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Dead end? Fall City trail connection sold
Trail enthusiasts in Fall City are concerned that a recent property sale by Weyerhaeuser timber company has shut down an important access point to the Snoqualmie Valley Trail.
The sale of 65 acres on the Rutherford Slough, which includes gated access linking the regional trail system with Fall City Community Park, closed last week. A private owner bought the property for $299,000 — $5,000 more than the asking price.
Since the sale, trail users have noticed ‘No Trespassing’ signs at the gate.
“What this is about is equal access,” said Leslie Kellogg, a Fall City resident and member of Raging River Riders, Cascade Land Conservancy and the Washington Trails Association.
Fall City Park’s large parking lot allows a variety of people, with different income levels and interests, to access the trail at the same time, Kellogg said.
Other local access points exist, but few can take more than a few vehicles at a time, Kellogg said. The Rutherford Slough gate “is probably the biggest area of public access” in Fall City, Kellogg said.
“Future access is up to the new owner,” said Anthony Chavez, Public Affairs Manager for Weyerhaeuser.
Chavez said Weyerhaueser realized early on that there were issues of access on the property, and gave the county plenty of notice that the property was for sale.
“We reached out to the local community and government agency,” Chavez said. Cascade Land Conservancy and the Mountains to Sound Greenway Trust were also notified.
“We did make a concerted effort to give them first crack at it,” Chavez said. “At the end of the day, it does go through a competitive bid process.”
King County’s Parks Division worked with the Cascade Land Conservancy to make a bid for the parcel. The county offered the asking price.
Parks Division Director Kevin Brown said the county is now involved in talks to maintain public access via 39th Place.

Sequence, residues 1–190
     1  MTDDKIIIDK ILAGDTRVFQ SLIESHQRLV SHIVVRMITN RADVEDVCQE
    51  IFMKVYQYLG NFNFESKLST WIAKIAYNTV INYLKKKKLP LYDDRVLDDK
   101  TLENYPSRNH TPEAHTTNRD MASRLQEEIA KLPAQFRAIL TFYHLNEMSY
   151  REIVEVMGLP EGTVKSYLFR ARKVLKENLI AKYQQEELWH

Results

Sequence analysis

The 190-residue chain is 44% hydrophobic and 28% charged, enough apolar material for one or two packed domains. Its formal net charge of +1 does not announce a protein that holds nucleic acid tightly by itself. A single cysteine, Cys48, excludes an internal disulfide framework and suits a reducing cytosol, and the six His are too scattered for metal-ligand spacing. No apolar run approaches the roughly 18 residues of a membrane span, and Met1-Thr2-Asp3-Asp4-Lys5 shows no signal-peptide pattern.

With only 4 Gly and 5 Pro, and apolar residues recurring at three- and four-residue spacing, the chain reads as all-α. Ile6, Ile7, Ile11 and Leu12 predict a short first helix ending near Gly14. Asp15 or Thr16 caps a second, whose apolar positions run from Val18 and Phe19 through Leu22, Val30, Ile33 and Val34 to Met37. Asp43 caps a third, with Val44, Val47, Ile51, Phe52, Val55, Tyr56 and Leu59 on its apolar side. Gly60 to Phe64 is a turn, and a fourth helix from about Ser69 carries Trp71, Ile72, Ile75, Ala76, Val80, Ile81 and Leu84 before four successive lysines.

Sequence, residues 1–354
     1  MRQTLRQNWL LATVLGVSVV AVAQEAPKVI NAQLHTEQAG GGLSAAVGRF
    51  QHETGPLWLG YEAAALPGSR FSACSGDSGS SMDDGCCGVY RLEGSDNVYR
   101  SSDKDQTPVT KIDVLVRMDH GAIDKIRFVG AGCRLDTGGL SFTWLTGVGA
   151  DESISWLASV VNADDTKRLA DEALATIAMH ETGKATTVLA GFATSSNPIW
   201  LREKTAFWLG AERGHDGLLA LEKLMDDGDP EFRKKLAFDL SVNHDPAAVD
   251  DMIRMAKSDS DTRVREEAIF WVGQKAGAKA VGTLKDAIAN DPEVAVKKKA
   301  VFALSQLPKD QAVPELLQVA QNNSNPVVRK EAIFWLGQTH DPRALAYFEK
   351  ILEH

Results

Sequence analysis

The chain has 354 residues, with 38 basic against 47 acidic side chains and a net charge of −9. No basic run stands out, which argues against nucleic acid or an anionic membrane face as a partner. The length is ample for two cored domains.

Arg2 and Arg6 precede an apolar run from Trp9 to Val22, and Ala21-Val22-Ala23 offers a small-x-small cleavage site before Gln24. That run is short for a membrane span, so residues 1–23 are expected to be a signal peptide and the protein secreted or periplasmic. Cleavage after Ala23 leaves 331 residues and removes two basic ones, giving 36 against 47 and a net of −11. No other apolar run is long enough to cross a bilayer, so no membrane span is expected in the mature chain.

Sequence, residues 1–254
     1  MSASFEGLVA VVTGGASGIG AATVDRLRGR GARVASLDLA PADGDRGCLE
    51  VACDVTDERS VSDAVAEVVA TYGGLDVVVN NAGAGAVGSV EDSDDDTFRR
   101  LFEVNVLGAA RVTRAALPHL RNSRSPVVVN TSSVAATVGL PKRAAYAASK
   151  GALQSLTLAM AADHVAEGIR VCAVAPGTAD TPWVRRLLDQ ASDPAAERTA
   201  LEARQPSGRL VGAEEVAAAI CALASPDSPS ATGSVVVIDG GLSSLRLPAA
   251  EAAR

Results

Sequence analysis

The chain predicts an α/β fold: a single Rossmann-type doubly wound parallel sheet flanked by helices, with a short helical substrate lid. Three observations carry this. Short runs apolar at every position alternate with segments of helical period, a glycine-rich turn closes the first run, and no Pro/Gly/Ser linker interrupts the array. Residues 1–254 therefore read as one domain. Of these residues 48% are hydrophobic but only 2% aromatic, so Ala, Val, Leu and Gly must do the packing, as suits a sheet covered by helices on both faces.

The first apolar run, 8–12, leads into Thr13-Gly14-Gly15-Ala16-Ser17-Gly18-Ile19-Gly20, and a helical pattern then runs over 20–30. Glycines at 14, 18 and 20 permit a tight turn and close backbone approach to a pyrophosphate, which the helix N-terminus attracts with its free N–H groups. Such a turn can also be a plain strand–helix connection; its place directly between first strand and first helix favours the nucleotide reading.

“We do have a high level of interest,” Brown said. “We’re hoping to have conversations with the buyer” on continued access.
“It is a very, very important connection for us and has been a primary access point for the community and the region to the Snoqualmie Valley Trail,” Brown added.
If those talks fall through, the county is eyeing other, alternative access points for the trail — described by Brown as “plan B.” None of those have the access capabilities of 39th Place, however.
“We’re challenged by their location,” Brown said. “We’re challenged by the size of the parking lots there.”
A week ago, a new sign was posted at the path’s entrance.
“This gate/access/property is now privately owned... and is no longer open to the public, per insurance requirements,” the hand-made sign stated. “However, it has never been, nor is it now, the intent of the owners to deny access to courteous or respectful users.”
“Anyone claiming to know the owner’s intent previous to this notice is spouting pure wind,” the sign states.
The sign goes on to state that legal and liability issues are being discussed to allow public access. While these issues are being discussed, access is not allowed. The owners will eventually announce a meeting, inviting interested parties to discus progress and rules of use.
Meanwhile, trespassers will be arrested, prosecuted and permanently denied access. Also, trail users who confront the new owner will also be denied access.
The sign also requests that groups who call a meeting to discuss the property invite the owner, “rather than have meetings designed to promote... inflammatory or adversarial relationships counterproductive to all.”
“We look forward to a harmonious relationship with our neighbors and ask for your assistance and your understanding,” the sign writer concludes.
The new owner could not be reached by press time. King County parcel data had not been updated, and showed Weyerhaeuser as the owner of record.
Kellogg said there is still some resentment in the Lower Valley to past Weyerhaueser developments such as Snoqualmie Ridge. Preserving trail access in Fall City, she said, would have been an easy and inexpensive way to preserve Lower Valley trust.